Enforcement & safety management

Amory, Mississippi: A five-year plan makes SRTS progress in Amory

Following a five-year plan has helped the city of Amory and its school district take steps to make neighborhoods safer for children to walk and bicycle to school.

Introduction

Following a five-year plan has helped the city of Amory and its school district take steps to make neighborhoods safer for children to walk and bicycle to school. Amory, a small, rural community, has a population of 7,500, and its two elementary schools and middle school are all within a two-mile range of each other. Families feel safe in Amory.

 “Kids get on their bikes and ride all across town,” says Carol Rogers, Coordinator for School Health and grant writer for the school district.

Liberty, Missouri: Community to Provide Education and Infrastructure

In summer 2007, the city of Liberty received $240,000 in Safe Routes to School funds through the Missouri Department of Transportation.

Introduction

Liberty, MO, is a small historic community with a population of less than 30,000 people. All nine of the elementary schools in Liberty are in neighborhoods where most of the students live within walking distance to school. Unfortunately, a lack of infrastructure discourages many parents from allowing their children to walk or bicycle to school.

Kansas City, Missouri: Safety Ambassadors Provide Consistency

The Mid-America Regional Council (MARC), a regional planning organization for Greater Kansas City, is training people to become “Safety Ambassadors".

Introduction

The Mid-America Regional Council (MARC), a regional planning organization for Greater Kansas City, is training people to become “Safety Ambassadors” in an effort to provide consistency in the pedestrian and bicycle safety messages that children are learning. “This has been a very well-received effort,” said Aaron Bartlett, BikePed and Safety Programs Manager for MARC.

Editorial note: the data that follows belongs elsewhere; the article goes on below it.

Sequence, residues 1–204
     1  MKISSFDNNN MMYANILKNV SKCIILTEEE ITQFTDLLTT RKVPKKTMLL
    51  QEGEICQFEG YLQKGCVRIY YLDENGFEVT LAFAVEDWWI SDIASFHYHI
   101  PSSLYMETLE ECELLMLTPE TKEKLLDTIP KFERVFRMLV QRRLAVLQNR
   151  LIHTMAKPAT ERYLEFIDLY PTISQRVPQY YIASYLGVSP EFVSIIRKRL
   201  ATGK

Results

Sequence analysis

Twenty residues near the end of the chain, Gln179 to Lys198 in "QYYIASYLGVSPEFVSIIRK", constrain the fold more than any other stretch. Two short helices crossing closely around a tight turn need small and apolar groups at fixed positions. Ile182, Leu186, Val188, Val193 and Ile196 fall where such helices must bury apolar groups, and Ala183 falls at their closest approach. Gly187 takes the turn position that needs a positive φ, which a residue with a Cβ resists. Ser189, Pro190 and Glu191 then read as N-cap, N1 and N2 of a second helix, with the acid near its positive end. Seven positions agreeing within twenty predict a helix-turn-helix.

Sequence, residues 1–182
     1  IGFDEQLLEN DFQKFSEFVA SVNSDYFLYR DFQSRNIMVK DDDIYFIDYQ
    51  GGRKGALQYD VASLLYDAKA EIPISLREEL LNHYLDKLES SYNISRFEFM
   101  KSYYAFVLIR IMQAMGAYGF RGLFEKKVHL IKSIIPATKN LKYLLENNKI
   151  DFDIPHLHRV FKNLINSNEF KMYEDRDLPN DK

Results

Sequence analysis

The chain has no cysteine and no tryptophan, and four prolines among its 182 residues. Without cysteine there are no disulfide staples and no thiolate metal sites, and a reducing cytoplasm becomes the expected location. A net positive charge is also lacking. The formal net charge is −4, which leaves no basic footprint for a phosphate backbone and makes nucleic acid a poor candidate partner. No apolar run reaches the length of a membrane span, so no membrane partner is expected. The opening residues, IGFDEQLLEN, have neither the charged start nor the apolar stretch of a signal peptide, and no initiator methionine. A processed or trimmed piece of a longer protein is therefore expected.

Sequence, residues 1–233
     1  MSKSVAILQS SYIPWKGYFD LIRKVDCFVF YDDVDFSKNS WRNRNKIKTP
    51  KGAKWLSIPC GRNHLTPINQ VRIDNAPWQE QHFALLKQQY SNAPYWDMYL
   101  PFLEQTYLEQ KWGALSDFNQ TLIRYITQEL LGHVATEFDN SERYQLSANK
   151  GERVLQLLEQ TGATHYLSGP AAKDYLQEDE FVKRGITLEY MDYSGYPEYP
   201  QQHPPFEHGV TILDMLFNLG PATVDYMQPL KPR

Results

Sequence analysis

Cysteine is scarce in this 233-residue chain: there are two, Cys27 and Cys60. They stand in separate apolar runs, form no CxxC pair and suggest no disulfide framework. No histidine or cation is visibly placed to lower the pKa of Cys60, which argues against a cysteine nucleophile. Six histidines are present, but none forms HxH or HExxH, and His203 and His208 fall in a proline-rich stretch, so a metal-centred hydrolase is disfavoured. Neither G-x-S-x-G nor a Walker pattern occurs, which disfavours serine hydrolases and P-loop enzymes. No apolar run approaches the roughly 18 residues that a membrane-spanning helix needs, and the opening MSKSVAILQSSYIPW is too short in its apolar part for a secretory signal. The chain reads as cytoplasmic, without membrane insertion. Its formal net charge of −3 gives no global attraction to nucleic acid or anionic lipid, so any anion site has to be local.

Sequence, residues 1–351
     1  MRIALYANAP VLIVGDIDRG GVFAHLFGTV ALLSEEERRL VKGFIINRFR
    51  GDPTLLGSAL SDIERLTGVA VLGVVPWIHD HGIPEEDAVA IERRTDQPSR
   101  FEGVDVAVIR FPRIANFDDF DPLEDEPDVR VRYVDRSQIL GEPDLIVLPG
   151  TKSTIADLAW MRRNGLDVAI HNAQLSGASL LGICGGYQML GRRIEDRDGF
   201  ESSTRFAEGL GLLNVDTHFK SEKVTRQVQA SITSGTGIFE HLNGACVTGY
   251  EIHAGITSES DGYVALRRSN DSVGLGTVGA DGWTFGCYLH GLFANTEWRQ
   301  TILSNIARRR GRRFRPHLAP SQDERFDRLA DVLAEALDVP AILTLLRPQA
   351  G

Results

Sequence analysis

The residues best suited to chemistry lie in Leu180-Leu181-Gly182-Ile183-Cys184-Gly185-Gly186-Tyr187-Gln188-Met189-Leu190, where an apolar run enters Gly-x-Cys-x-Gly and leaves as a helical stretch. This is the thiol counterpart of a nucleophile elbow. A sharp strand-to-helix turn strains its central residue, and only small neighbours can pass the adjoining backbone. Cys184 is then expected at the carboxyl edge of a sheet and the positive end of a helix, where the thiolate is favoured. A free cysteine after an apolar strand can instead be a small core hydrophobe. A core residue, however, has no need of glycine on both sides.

Columbia, Missouri: New drop-off area creates excitement about walking to school

When the PedNet Coalition in Columbia, MO organized daily Walking School Buses at West Boulevard Elementary School in fall 2006, only fifteen of the nearly 300 kindergarten through fifth grade students participated regularly.

Introduction

When the PedNet Coalition in Columbia, MO organized daily Walking School Buses at West Boulevard Elementary School in fall 2006, only fifteen of the nearly 300 kindergarten through fifth grade students participated regularly.

Since then, the participation rate has grown to 65 students.

Cape Girardeau, Missouri: School program generates community enthusiasm

In 2007, the city and  school system received a $102,919 SRTS infrastructure grant from the Missouri Department of Transportation to install uniform safety signage and flashing beacons at 8 different schools throughout the city.

Introduction

Sometimes starting small makes sense. Instead of trying to inundate the city of Cape Girardeau, MO, with a wide range of Safe Routes to School (SRTS) activities, Dr. Mark Langenfeld, a professor in the department of Health, Human Performance and Recreation at Southeast Missouri State University, focused on organizing a Walk to School Day at Alma Schrader Elementary School, and the event received tremendous publicity.